Last night I co-convened a celebration of Bob Dylan at 70. Nine Dylanologists each chose one song, prepared a short, informal talk about that song, and arrange some sort of presentation of this music (some performed arrangements themselves, others chose an audio excerpt). I spoke about "A Series of Dreams," a song of the late 1980s, and then played the opening three minutes of the final episode of David Milch's John from Cincinnati. Here is the text of my talk:
I’m mostly turned off by the Christian Bob Dylan, and so you’ll wonder why I chose what is almost certainly meant to be a song expressing an abstract faith. And I’ll need a television series to help me explain this.
My favorite single song is “Love Minus Zero, No Limit” and as for a favorite album – on some days Blood on the Tracks and on others, Blonde on Blonde. And I like much of his work of the 1990s. So I’m a sixties, seventies, and nineties guy. The 1980s? Dylan’s worst decade, to my lights, although Infidels has earned my respect and “Blind Willie McTell” is remarkable – and I treasured Bob’s four sung lines in “We Are the World” of 1985.
The finest and most compelling song of the 1980s is “Series of Dreams.” Most agree that it’s the strongest song in the Oh Mercy group and yet, strangely, it was omitted from that album. I should note that “Dignity” was omitted from the same album, and so perhaps there’s no strangeness here at all — just bad decisions. “Series of Dreams” came to most of us through Bootleg Series 1-3 and to a few intrepid TV watchers by its use as the song leading into the final episode of David Milch’s eccentric, one-season-only HBO series John from Cincinnati, about which more in a moment.
David Milch was visiting us from Sunday morning through yesterday. An extraordinary experience, at every turn. Spellbindingly smart. The guy is both brilliant and supremely funny. Every story (about himself) he tells is both far-fetched and true, and the combination slays me.
I'd felt that I'd known him already from all those years of intense watching, starting of course with Hill Street Blues. HSB provided me, during the dimmest years of graduate school, an alternative universe on Thursday nights at 10; yet getting to know him in person now was nonetheless an adventure. What I hadn't yet realized about Milch was the extent of his generosity--a better word is an old one, charity. He had every reason to be distracted (pilot of the new show, Luck, is currently filming back in LA) but he focused on every person (and there were many, and they were various in kind) who came his way in our quite open space. He refused to take our honorarium, directing it instead to a campership program set up in the town (Arcadia, CA) where Luck is being filmed. He was still his hilariously acerbic self but he also had a kind word, a real ear, for everyone he met--and this was, in the course of days, many dozens.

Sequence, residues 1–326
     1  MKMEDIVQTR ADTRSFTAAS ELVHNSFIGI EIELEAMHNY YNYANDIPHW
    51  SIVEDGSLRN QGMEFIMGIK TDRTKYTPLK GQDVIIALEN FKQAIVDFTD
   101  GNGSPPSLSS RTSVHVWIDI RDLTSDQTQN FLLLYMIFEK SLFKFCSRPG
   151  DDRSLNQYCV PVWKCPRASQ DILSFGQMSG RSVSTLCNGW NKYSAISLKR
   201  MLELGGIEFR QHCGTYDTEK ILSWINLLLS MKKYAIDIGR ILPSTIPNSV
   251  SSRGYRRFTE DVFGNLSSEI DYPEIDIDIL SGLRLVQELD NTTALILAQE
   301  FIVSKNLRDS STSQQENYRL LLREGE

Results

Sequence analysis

On Monday evening he read the first 20 pages or so of the script for the Luck pilot. On Tuesday morning (yesterday) I interviewed him. Both these sessions are already available as audio recordings (mp3) and in video (streaming). All four files are linked here.
Anyone interested in my top four moments in all of Milch's TV-making? Probably not. But it's my blog and here they are:
4. Sipowicz has hidden his prostate problem from Sylvia and so she believes their not having had "relations" in a while was caused by the revelation of her traumatic experience with rape years earlier. She lovingly tells Andy that they are going to grow old together and their bodies will be what they will be, and that they should talk about it.
3. Mick Belker, in tears, standing in Frank Furillo's office doorway, saying he's 36 years old and can't afford to take care of his father.
2. Merrick reads aloud to the camp elders the contents of the simply and beautifully written letter Seth Bullock has composed to memorialize the life of a simple Cornish nobody who's been killed by Hearst.
1. The first 5 minutes of the final episode (#10) of John from Cincinnati. John and Shaunie reappear - surfing in from the far-off oceans, while all the characters in various places waken from a shared dream. The whole thing is covered (and unified) by Dylan's "Series of Dreams."
“You know that’s flapping your fins for an audience. That’s letting dipshits define you by a number so other dipshits can compare you with other numbers so the other dipshits know who to pay to wear their sunglasses so that dipshits in the malls know which ones to buy."--Mitch Yost, John from Cincinnati, episode 3
One of the longest soliloquies in the history of TV dramas: